Posted tagged ‘smoking ban’

Academics up in smoke

May 14, 2013

I should start this post by declaring that I have never been a smoker. When in my youth all around me were smoking, I somehow avoided it. I tried it of course, it just didn’t do anything for me.

It is increasingly hard to remind ourselves how all-pervasive smoking once was. In my late teens in the cinema I could hardly ever see the screen, the smoke was so overpowering. In my local butcher’s shop in provincial Ireland the meat was routinely carved and arranged by the butcher with a cigarette hanging from his mouth and, occasionally, ash falling on the food. More alarmingly, the local petrol pump attendant filled up your tank while puffing on a Rothmans King Size.

When I started my academic career, smoking was also all around me. Lecturers regularly smoked in their offices, and with their office doors open the smoke would blow down the corridors. So when I first became a Head of Department, I was presented with a problem. A student came to me to complain about one of my colleagues who insisted on smoking during tutorials. The student suffered from asthma, and when she complained, the lecturer suggested she sit by the window, which he then opened. In January. He continued smoking. It was not an easy situation to resolve.

Some 25 years later it is all very different, and some universities have now banned smoking from their campuses altogether, indoors and outdoors. Last month, one American pressure group declared that in the United States 1,159 campuses now permit no smoking at all. In the US and elsewhere, those universities that do still allow smoking tend to restrict it to areas well away from buildings and regular pathways (see the smoking policy of Warwick University, or that of Exeter University, or that of Glasgow University).

In my own university our smoking policy has recently come up for consideration, with the question being asked in particular whether we should also ban it outright. In considering this, I have wondered whether we would do so as a way of protecting non-smokers and the general public, and perhaps of bringing to an end the unpleasant littering of certain areas with cigarette butts; or whether we would be seeking to persuade, maybe even compel, smokers to desist from the habit for the good of their own health.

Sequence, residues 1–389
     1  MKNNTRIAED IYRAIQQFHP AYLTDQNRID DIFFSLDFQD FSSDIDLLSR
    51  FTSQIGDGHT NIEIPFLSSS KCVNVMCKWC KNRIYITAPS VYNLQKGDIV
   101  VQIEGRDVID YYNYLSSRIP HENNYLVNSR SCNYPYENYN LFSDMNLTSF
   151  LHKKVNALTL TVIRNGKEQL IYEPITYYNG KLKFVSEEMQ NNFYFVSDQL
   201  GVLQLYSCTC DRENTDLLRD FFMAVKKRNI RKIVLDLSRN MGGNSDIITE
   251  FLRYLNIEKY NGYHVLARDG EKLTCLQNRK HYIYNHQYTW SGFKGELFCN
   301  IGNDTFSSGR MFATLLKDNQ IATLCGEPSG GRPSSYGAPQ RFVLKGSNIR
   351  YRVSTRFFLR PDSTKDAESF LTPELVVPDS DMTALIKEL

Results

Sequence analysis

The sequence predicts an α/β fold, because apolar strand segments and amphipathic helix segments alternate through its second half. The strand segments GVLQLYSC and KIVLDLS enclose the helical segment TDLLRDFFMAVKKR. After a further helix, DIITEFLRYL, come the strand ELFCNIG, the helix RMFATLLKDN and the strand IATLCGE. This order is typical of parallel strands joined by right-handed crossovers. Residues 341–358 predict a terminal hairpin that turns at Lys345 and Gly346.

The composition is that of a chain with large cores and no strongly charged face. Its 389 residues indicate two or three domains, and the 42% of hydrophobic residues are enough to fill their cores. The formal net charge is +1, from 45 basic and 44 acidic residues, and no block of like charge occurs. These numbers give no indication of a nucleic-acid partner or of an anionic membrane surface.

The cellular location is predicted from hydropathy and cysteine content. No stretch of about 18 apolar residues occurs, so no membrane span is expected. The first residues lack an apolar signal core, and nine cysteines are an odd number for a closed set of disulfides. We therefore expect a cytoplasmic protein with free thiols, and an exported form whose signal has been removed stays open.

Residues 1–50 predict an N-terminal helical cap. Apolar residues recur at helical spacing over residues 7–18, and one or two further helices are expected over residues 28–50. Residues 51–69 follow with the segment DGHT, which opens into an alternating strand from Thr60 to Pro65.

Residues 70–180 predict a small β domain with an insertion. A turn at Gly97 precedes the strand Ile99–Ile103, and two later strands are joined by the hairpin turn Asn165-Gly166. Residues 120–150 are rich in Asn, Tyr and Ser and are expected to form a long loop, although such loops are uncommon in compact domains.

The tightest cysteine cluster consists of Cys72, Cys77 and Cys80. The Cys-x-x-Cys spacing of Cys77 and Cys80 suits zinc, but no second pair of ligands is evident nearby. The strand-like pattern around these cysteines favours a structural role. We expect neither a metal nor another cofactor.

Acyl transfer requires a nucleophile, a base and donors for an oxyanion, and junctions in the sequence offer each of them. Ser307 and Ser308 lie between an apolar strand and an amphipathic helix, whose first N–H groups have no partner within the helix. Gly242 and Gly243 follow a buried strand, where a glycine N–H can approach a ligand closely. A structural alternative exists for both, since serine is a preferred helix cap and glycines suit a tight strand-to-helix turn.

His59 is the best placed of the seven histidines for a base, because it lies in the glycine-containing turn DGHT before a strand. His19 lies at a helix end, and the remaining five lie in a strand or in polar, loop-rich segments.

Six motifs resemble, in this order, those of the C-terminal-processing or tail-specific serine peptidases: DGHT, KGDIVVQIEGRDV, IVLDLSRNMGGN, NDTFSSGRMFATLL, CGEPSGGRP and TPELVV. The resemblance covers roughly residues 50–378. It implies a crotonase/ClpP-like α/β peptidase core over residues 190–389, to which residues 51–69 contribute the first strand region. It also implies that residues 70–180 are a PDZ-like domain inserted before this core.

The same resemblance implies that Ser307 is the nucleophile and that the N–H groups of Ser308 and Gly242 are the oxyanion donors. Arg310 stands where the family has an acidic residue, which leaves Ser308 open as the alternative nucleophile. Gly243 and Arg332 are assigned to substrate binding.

Of course smoking is not quite the same as other forms of potential self-harm such as over-eating. Bystanders are affected by smokers, with potential risks to their health. But then again, that may be true, if in different ways, of other bad habits such as alcohol abuse: should drinking also be banned? Is there an appropriate dimension in this issue for liberal, or maybe libertarian, principles?

This non-smoker would be quite happy if the practice died out completely. But even so, I am not wholly sure that while cigarettes and tobacco are legal that it is our mission to stop people from using them. In short, I am not sure what the correct approach should be.

The fire is going out?

November 27, 2010

A few weeks ago I visited someone in their home, and as I entered I was met by what, to me, was an almost overpowering smell of cigarette smoke. It is a very rare thing nowadays to find anyone smoking indoors, so encountering it now is rather striking. My friend is a chain smoker, and at home he continues to light up constantly.

Some years ago that would not have been unusual at all. When I was a boy both my parents smoked, my father about 40 a day (and occasional pipes and cigars), my mother maybe 20. I am sure that our house smelled strongly of cigarette smoke. As, probably, did most public buildings that I might have entered. I have never been a smoker, but for years I was a gifted passive smoker.

Now, I gather that the number of smokers is going down rapidly, and of course we have smoking bans in public spaces. So can smoking die out completely? I suspect that even if it could, it won’t happen for some time. But social expectations and requirements have changed, and so the various bans that have been introduced in a number of countries have been accepted and have started to change behaviour. This is so even in France (which banned smoking in most public spaces in 2007), where it was always thought that French smokers would refuse to obey anti-smoking laws. I remember a delegation of French public officials visiting Dublin in 2005 and absolutely refusing to believe that a smoking ban was either just or enforceable.

And what does one say to the person who occasionally will suggest that smoking is a civil liberty, and that it is no part of the government’s role to make people stop? Smoking can impose significant costs on society, and so the taxpayer has an interest in ensuring there is decreased consumption. And as for me, I am delighted that whenever I enter s bar or a hotel my eyes do not begin to water, as they once did.

PS. But whatever happened to pipes? I used to love the smell of pipe smoke…